How do we assess learning at All Hallows CE (VA) Primary School?
At All Hallows CE (VA) Primary School we believe that knowing what each child has achieved and what their next steps are is crucial to helping them to succeed. In order to know this, we regularly assess the children. This happens in different ways.
- Through questioning and discussion, teachers find out what children know each lesson
- Through looking carefully at the learning in the children’s books or Tapestry learning journeys
- High quality written and oral feedback help both the teachers to know how the children are doing and the children to understand their own learning
- More formal assessments such as PIRA and PUMA assessments and reading age tests
- Statutory assessments such as SATS tests at the end of Years 2 & 6, the phonic screening check in Year 1 and the multiplication check in Year 4.
As a result of assessment, teachers are able to adapt their lessons and the curriculum to make sure they are fully meeting the needs of the children. Additional interventions are put in place for any specific needs identified.
When the new curriculum was introduced in 2014, the government removed the system of using levels to assess children. Schools were asked to develop their own system or adopt a new system that they felt met their needs. Schools must still be able to show evidence of the good progress the children are making.
How do we track the children’s achievement?
- We use a tracking system to record teacher assessments 4 times a year in reading, writing and maths.
These assessments are now based a point in time assessment and are numbered according to the stage the child is at. There are 9 points on the scale
|Below||The child is working significantly below the curriculum for their year group. They are working in the lower level of the EYFS or on P Scales|
|Pre-Key Stage||The child is working below the curriculum for their year group. They aren’t accessing the curriculum without heavily personalised support and scaffolding, which may be due to having EAL or barriers to learning. The child may be doing different tasks to the rest of the class and may be receiving or needing, some intervention|
|Working Towards||Is able to access the correct curriculum for their year group but has significant gaps in their learning. They struggle to embed concepts and nearly always need some scaffolding or support. Can often not apply their learning independently.|
|Just below expected||Is on track to meet some, but not all, of the end of year expectations. Is successful at learning many new concepts and is starting to apply their skills independently, but not consistently. May make errors but will usually be able to improve work following feedback and support. May have some smaller gaps in their learning.|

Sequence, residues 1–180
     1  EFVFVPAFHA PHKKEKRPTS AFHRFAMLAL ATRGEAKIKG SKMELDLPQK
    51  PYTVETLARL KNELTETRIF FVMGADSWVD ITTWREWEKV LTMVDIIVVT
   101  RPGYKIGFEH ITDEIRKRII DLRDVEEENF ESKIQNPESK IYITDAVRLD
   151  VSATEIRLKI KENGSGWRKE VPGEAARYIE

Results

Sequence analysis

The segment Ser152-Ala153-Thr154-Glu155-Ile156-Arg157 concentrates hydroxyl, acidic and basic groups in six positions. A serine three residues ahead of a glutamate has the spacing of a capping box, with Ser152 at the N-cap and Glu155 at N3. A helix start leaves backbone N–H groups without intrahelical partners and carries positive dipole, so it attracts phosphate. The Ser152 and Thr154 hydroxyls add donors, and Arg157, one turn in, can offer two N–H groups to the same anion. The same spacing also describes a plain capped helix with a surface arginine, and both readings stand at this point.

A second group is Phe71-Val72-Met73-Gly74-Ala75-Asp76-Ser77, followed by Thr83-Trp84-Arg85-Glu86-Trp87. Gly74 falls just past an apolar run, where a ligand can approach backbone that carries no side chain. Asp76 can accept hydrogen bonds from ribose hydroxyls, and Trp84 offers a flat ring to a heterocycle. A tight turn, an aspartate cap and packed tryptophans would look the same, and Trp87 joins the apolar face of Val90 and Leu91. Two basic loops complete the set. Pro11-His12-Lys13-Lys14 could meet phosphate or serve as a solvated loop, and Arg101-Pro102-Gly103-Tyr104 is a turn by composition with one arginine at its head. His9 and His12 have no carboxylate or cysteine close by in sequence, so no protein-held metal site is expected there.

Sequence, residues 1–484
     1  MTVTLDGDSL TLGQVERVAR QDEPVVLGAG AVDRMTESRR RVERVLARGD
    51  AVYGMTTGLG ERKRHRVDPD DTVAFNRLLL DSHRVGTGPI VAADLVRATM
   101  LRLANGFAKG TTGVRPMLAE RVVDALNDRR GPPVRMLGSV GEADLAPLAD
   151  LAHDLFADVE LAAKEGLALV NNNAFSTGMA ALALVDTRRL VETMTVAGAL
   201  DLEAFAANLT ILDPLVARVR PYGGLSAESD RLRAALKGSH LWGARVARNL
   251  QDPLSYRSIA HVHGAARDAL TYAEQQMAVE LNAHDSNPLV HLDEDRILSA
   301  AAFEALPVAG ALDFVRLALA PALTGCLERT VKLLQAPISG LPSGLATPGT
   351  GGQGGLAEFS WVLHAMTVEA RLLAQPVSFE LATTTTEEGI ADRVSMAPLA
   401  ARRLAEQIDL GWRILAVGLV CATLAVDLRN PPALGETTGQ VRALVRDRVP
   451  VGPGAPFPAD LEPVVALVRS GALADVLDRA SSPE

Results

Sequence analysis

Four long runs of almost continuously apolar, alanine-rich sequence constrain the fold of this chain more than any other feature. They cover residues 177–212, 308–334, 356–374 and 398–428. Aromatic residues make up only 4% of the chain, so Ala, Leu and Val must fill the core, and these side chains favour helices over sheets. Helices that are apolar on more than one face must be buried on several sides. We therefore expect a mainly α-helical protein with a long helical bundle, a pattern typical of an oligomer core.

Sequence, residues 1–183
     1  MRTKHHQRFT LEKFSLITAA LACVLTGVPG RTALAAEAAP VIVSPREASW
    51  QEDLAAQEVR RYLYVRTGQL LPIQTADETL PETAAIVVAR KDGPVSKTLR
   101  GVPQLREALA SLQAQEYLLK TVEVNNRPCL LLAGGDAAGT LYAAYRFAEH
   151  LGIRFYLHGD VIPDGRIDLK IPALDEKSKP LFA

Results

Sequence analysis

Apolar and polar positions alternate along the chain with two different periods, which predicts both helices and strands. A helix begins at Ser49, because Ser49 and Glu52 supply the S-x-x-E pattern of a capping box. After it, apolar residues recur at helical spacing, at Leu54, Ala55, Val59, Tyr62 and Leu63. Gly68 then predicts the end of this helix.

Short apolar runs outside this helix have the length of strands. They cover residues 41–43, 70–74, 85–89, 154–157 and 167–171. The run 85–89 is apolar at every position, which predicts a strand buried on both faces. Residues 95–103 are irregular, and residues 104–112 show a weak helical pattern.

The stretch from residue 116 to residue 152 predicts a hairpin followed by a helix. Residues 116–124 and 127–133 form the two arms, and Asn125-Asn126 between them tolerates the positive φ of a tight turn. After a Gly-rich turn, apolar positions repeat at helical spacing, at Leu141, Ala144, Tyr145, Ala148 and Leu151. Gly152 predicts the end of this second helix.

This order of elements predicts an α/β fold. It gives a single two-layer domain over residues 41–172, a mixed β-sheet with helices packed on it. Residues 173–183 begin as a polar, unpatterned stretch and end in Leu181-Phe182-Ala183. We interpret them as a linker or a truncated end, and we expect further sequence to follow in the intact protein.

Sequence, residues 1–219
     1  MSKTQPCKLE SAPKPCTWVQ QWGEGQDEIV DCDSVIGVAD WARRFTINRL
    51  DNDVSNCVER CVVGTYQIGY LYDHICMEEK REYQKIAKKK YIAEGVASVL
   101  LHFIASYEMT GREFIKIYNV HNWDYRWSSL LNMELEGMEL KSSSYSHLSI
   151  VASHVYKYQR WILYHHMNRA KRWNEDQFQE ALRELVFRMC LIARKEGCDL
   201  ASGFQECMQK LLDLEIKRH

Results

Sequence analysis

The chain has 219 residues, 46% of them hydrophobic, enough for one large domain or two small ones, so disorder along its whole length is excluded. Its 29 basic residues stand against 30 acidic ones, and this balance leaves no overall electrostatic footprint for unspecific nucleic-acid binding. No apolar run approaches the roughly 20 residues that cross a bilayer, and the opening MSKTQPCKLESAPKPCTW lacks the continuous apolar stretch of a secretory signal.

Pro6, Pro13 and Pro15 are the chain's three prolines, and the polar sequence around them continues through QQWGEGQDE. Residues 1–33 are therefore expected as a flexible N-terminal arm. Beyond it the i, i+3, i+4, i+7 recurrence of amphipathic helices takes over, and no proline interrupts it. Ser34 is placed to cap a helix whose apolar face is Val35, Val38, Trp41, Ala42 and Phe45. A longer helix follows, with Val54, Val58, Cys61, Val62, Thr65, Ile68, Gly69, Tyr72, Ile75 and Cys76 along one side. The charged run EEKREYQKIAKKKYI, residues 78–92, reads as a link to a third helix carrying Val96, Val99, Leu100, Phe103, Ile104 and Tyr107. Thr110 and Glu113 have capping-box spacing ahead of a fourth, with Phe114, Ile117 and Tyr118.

|Expected||Is meeting the majority of the NC expectations. Is successful at learning new concepts. Is starting to apply their skills independently but not consistently. May make errors but will usually be able to improve work following feedback and support. May have some smaller gaps in learning that need closing in order to become secure.|
|Securely Expected||Is meeting all of the NC expectations. Is usually a successful learner and shows good understanding of objectives taught. Is usually able to learn new skills and use them accurately and independently. May make occasional errors in applying their learning and concepts|
|Greater Depth||Is starting to exceed national expectations. Is almost always successful in understanding the key objectives. Is able to apply their skills in a range of context making few errors. Can often explain and justify their ideas.|
|Securely Greater Depth||Is exceeding national expectations. Is always successful in understanding the key learning objective. Is able to apply their skills in a range of contexts with no errors. Can explain and justify their ideas.|
|Exceptional||Is significantly exceeding national expectations. Is always successful in understanding key learning objectives. Is able to apply their skills in a wide range of contexts making no errors. Can clearly explain and justify their ideas. Demonstrates significant skills and knowledge beyond the curriculum. Can analyse and evaluate their own and others’ performance effectively|
Alongside these assessments, National assessments take place at the end of:
Year 1 phonic screening
Year 2 tests in reading, writing (including grammar, punctuation and spelling) and maths
Year 4 multiplication check
Year 6 tests in reading, grammar, punctuation & spelling and maths
What do we do with this data?
The main purpose of assessment data is to inform future learning for each child. Teachers and senior leaders use it to ensure that all children and groups (including pupil premium children) receive the education best suited to their needs which will ensure excellent attainment and progress for all. Teachers meet senior leaders termly to review the progress of pupils. Governors are given an overview of the achievement of each class and cohort termly.
Parents are kept informed about their child’s achievement at Parents’ Evenings in October and February and through annual reports in July. If there is a concern about a child’s progress, the parent will be contacted to discuss additional support the school and home can provide for the child.